A.K.A. What if young Superman were a right a-hole. (No real spoilers, but I warn you before I get into even the really tiny ones.)
There are few fans of any genre that are likely to walk away from Brightburn feeling entirely satisfied. Billed as a horror movie, the movie's trailers seem to ask the question "What would happen if Superman (or rather young, 12-year-old Clark Kent) were evil.
But that's not really what Brightburn is. Instead it is a question of what would happen if someone evil had Superman's powers. Which is subtly, but importantly different. Brightburn doesn't spend a lot of time on "why" or even "how" and so instead we have to be content with VISCERALLY graphic violence that was clearly where the movie wanted to spend its time and energy. The camera stays fixated almost lovingly on the visceral gore.
I'll spare the few of you intent on catching this big spoilers, but if you like a complete tabula rasa, be warned to proceed no further.
First of all, this movie is....EXACTLY what it seems to be. (Evil Superman) There will be no twists. No surprises. No delightful unexpected moments. If you've seen the previews, you don't just know the premise, you know most of the plot and probably can guess every major beat. For 90 minutes, not a single moment of Brightburn was anything but entirely predictable.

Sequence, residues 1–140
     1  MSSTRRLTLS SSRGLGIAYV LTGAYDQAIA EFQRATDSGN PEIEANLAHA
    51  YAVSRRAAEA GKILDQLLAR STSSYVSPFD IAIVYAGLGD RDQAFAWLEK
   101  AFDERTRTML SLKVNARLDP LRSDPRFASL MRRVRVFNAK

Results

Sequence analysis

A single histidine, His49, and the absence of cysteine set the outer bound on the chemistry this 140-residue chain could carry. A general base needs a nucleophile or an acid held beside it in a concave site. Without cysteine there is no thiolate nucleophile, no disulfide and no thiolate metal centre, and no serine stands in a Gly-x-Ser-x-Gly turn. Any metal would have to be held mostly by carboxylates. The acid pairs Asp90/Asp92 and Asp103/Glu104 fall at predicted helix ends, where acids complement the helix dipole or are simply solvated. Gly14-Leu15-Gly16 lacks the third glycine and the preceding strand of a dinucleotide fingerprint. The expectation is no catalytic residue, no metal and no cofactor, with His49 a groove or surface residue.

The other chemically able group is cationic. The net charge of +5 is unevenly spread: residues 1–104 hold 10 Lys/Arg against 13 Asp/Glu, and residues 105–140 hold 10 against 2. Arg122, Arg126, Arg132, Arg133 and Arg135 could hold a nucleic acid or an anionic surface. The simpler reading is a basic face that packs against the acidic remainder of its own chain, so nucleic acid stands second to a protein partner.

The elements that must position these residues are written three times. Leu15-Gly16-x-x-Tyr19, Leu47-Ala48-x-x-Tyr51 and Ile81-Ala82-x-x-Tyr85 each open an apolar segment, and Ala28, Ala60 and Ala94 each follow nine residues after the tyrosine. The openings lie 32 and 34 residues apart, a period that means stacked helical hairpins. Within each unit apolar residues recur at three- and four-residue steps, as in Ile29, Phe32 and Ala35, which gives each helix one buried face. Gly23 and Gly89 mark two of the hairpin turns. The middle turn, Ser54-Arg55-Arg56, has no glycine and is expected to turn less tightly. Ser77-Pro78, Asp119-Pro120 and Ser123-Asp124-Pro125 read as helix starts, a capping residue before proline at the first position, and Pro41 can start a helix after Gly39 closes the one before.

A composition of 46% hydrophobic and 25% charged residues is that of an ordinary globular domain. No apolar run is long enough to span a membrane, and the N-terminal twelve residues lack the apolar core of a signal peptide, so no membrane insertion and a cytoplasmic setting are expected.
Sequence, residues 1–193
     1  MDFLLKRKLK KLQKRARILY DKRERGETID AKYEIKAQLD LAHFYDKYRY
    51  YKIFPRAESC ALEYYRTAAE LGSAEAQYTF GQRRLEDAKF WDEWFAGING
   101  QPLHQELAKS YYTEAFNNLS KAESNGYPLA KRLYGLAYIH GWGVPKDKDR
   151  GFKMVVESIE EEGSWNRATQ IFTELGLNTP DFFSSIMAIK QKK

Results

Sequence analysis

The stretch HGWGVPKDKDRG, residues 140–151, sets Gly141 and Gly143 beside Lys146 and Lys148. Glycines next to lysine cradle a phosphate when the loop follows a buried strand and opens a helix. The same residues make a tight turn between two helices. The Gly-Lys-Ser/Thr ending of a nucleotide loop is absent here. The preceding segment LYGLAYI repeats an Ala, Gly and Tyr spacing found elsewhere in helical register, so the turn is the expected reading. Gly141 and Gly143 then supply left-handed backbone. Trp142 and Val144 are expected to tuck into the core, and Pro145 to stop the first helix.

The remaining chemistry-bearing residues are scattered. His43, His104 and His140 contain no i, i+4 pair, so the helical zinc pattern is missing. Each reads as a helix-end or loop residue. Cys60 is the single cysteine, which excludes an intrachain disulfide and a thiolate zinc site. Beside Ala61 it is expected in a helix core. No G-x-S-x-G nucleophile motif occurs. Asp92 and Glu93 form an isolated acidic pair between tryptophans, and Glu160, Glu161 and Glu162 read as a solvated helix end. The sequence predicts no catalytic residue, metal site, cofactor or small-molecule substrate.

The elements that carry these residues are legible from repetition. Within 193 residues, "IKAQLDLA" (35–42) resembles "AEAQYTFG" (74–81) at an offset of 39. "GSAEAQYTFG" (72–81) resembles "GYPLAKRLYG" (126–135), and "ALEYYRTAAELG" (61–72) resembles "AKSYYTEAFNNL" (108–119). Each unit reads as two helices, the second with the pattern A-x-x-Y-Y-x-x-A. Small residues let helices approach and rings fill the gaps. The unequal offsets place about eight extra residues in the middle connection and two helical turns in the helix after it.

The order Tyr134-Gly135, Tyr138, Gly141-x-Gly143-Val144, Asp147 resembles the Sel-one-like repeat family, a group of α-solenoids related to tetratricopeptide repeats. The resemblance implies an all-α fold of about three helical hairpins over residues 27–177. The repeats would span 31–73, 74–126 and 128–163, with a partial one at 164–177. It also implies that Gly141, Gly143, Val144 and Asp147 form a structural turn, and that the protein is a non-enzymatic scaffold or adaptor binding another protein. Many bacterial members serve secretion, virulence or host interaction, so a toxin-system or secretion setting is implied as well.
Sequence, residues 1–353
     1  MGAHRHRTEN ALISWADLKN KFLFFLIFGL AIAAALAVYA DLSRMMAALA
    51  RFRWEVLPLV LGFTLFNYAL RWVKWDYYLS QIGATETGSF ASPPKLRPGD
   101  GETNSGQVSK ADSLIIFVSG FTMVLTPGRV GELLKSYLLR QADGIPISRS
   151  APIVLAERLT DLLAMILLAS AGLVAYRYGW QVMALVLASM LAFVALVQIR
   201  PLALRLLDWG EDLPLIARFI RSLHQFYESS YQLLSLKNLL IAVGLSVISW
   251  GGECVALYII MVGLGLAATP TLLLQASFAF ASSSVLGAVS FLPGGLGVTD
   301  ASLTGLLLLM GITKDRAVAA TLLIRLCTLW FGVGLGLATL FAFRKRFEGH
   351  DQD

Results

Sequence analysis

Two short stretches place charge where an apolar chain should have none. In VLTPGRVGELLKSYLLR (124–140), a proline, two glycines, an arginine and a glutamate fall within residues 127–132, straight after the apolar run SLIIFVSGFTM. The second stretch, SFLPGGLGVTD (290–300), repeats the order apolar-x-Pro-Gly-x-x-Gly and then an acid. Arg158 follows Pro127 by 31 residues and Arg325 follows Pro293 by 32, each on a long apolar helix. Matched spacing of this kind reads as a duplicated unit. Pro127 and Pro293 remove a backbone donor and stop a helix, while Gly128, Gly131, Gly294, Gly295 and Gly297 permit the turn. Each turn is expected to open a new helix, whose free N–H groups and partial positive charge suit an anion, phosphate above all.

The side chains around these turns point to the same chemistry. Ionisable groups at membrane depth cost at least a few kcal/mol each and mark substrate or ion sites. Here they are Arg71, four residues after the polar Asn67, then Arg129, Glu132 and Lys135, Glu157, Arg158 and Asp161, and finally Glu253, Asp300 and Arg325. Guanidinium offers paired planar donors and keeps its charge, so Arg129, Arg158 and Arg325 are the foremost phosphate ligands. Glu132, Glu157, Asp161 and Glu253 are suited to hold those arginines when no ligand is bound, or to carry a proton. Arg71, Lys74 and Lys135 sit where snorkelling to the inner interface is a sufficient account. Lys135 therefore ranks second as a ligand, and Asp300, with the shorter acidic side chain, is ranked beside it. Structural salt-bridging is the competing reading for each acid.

Brightburn is not a psychological trip into how a young boy can lash out, a deep examination of how power could corrupt a young person, or a smart examination of nature vs. nurture with the mythos of superman's origin story. Brandon's evil is triggered like a switch from an external source in about the first five minutes of the movie, and he goes from nice 12-year-old kid to sudden onset psychopathy, so he just turns evil with about as much tension as a board game when the bad guy always shows up on the fourth round. The only real question that seems to ever come up is what's going to set him off. But with every twist clumsily telegraphed, even those aren't really unexpected. And since he's gone full evil and is basically superman, the answer isn't exactly nuanced––it's pretty much everything and no.
Where the movie seemed to want to focus was on the intense visuals of how Superman would utterly fuck up regular people if he were evil, often including drawn out scenes of their very grisly demises.
We never really find out where Brandon came from or why he's flip-switched to evil, but it doesn't really seem to be the movie's concern.
If you didn't watch the trailer and think "I absolutely MUST see this movie," I strongly recommend you wait for it to be on Netflix or Hulu and hit it after a couple of drinks....and maybe with your robot friends.